These two are not the first Chinese to be baptized at our church as we have a student group that meets there, but I am always reduced to weeping as I watch.  Unlike me or my family, baptism for these new brothers and sisters is a definite line in the sand; a very public proclamation of their inward transformation.  By it, they declare, “From here on, I choose to identify with the Church.”  For them, more so than for us, they must weigh the alternative (life apart from Christ) and decide that is insufficient and unthinkable, even in light of the very real suffering that may be theirs when they return to China.

The persecuted church is a burden that my husband and I carry.  We have found the organization Voice of the Martyrs (VOM) to be a reliable and trustworthy source of information for us as well as a resource for practical means of participation (ex: weekly prayer focuses, writing to Christian prisoners, Bible programs for restricted nations, parachutes for dispensing the Gospel in Columbia, aid to the families of those in prison, etc.)

“Voice of the Martyrs was founded in 1967 by Pastor Richard Wurmbrand, who was imprisoned 14 years in Communist Romania for his faith in Christ. His wife, Sabina, was imprisoned for three years. In the 1960s, Richard, Sabina, and their son, Mihai, were ransomed out of Romania and came to the United States. Through their travels, the Wurmbrands spread the message of the atrocities that Christians face in restricted nations, while establishing a network of offices dedicated to assisting the persecuted church.”  More of Pastor Wurmbrand’s story is found in his free book, Tortured for Christ.

It was during Richard and Sabina’s United States tour back in the 60’s that my husband was taken by his parents to hear Pastor Wurmbrand speak at our local civic center.  My husband traces his conversion to that event as thoughts of what was said that evening concerning the gospel churned around in his mind and prompted him to desire to receive Christ.  [As a side story, after trying several prior attempts, my husband’s dad left off smoking cold-turkey after hearing Pastor Wurmbrand speak that night.  He reasoned, if the Pastor could go through something like that for the gospel, he (my father-in-law) could certainly give up smoking.  And he did.]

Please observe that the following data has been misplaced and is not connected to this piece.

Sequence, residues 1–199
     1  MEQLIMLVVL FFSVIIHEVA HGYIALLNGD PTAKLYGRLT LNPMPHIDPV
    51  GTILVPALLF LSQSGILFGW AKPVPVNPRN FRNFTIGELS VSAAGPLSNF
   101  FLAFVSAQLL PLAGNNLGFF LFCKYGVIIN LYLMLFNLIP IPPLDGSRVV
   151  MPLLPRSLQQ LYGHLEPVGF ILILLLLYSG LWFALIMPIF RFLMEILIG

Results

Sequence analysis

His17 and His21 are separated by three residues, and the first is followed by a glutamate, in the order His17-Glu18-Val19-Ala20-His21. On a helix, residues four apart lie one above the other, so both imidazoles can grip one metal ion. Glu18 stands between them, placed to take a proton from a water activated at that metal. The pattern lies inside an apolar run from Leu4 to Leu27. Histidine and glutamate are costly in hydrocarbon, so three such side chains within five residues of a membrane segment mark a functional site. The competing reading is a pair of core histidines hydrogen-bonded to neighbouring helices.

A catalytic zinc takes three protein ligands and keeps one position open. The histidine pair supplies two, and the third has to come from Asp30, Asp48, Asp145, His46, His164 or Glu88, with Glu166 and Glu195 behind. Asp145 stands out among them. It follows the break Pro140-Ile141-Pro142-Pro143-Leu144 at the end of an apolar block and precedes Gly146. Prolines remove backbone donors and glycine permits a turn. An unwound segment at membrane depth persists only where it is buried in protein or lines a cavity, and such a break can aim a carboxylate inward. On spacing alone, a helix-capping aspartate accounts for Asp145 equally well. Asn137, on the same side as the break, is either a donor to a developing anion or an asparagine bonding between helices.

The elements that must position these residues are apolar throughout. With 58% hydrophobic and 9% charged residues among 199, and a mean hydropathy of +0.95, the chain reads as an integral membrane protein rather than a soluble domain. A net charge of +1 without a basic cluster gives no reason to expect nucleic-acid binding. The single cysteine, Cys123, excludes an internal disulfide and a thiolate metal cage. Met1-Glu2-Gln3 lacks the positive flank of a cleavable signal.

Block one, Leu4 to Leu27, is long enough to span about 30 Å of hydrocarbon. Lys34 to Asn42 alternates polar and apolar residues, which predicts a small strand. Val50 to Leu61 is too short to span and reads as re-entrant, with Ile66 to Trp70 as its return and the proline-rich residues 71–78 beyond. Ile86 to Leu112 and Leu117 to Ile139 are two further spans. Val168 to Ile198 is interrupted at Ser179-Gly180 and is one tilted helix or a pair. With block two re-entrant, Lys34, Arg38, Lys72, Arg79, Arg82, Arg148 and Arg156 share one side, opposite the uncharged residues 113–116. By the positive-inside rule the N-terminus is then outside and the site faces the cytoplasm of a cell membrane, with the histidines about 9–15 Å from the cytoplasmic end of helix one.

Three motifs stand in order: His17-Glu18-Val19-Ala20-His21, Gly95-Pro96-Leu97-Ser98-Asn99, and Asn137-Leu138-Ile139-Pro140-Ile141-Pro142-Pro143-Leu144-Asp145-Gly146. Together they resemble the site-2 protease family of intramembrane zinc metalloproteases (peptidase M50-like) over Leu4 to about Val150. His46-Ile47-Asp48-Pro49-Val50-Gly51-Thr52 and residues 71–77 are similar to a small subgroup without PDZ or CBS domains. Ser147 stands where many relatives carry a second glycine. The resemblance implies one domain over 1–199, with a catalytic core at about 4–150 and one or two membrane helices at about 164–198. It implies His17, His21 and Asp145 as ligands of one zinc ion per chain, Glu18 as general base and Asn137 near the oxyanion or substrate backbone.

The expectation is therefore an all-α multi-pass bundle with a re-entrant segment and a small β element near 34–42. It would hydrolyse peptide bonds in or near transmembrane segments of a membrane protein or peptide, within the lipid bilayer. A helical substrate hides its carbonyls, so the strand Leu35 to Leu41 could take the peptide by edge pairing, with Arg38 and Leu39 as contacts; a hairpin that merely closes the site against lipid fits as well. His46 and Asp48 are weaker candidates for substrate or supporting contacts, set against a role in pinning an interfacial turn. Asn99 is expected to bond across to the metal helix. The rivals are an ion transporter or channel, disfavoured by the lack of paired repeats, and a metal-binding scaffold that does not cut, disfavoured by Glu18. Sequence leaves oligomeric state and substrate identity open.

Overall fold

VOM continues the Wurmbrand’s mission around the world today.  Their ministry takes its charge from Hebrews 13:3, “Remember those who are in prison, as though in prison with them, and those who are mistreated, since you also are in the body.”

For those that may be skeptical or those who would like more information, current and specific details on where persecution is taking place today around the world is found at VOM’s newsroom page.

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I know in recent years the Christian fish symbol has fallen into some pretty tacky and over used marketing (much like the ruin of the Christian holidays, Christmas and Easter).  However, it seems to have had a noble beginning, one with which I am still glad to associate myself.  It helps me recall the still dangerous situations many of my persecuted Christian brothers and sisters find themselves around the world today.

In the early years of the church a famous acrostic was made in Greek for the acclamation “Jesus Christ , God’s Son, Savior” (Iesous Christos, Theou Uios, Soter).  In Greek ch is X and th is Θ, so the initial letters of this phrase spelled IXΘUS.  U is interchangeable with y so IXΘUS could also be IXΘYS, which just so happens to be the Greek word for fish, thus the frequent use of the fish by early Christians and up to now as a symbol for Jesus Christ.